7734 - Theatre Review
Jasmine Vardimon’s choreography questions man’s legacy of brutality and creates recurrent images of the holocaust – in 7734 at Sadler’s Wells in Rosebery Avenue, EC1
SADLER’S Wells associate artist Jasmin Vardimon brings her own company to the main stage with 7734 - a dance and movement piece that questions man’s legacy of brutality.
Focusing mainly on recurrent images of the holocaust, 7734 is not one for the faint-hearted.
The set is compromised of a heavy layer of disembodied clothes spread across the stage floor, into which the nine performers bleed with effortless fluidity.
This serves as a constant reminder of the Nazi death camps, and is over-looked by an ever-present watch-tower. Along with austere lighting design and effective use of hand-held follow-spots carried by the cast, 7734 succinctly transforms the crisp Sadler’s Wells auditorium to something altogether more hellish.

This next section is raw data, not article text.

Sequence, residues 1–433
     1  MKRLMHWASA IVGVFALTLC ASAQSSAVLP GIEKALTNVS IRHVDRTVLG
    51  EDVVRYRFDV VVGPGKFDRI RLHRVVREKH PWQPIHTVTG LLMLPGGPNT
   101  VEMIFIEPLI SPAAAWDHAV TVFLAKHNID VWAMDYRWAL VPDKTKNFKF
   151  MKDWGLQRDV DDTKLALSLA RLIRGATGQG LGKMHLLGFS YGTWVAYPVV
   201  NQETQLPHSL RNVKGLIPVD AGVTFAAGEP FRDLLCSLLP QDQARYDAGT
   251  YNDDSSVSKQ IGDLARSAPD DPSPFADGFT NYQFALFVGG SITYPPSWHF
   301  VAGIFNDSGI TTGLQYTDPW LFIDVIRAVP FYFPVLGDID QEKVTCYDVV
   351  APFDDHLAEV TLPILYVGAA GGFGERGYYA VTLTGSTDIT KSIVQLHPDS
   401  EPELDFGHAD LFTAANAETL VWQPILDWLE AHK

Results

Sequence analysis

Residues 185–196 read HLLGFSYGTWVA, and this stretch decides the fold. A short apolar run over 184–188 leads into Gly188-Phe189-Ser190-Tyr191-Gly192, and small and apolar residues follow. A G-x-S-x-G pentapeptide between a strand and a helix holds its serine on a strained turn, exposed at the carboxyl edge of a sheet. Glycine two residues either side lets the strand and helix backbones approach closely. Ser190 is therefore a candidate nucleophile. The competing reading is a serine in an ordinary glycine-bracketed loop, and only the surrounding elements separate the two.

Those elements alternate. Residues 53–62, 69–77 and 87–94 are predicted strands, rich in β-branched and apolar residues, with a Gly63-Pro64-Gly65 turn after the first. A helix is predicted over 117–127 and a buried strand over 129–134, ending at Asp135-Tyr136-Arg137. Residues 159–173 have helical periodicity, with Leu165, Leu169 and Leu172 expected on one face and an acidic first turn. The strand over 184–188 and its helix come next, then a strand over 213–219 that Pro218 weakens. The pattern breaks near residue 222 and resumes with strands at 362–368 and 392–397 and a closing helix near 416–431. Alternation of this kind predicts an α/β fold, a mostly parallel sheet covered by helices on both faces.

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7734 is at its best when orchestrating complex choreographed group sequences. The cast moves as a committed whole, and the choreography is sharp, daring and occasionally witty, (a welcome respite). The energy flags on the spoken sections as the dancers struggle a little with the text, but these moments soon pass and you quickly return to marveling at the ability of this incredibly talented cast.
There is little in 7734 that suggests good will eventually win over evil, and in fact the overall lack of hope can make this tough and sometimes slow watch.
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But perhaps Vardimon does not want 7734 to be a piece that conveniently lets the viewer off the hook with the promise of human redemption? The horrors it depicts are un-ending, and Vardimon’s point, surely, is that mankind constantly fails to learn from his mistakes.
(Why 7734? Type it into a calculator and turn it upside down. Vardimon’s final nod to her themes of perspective and brutality.)
* 7734 is at Sadler’s Wells in Rosebery Avenue, EC1, until Friday, November 26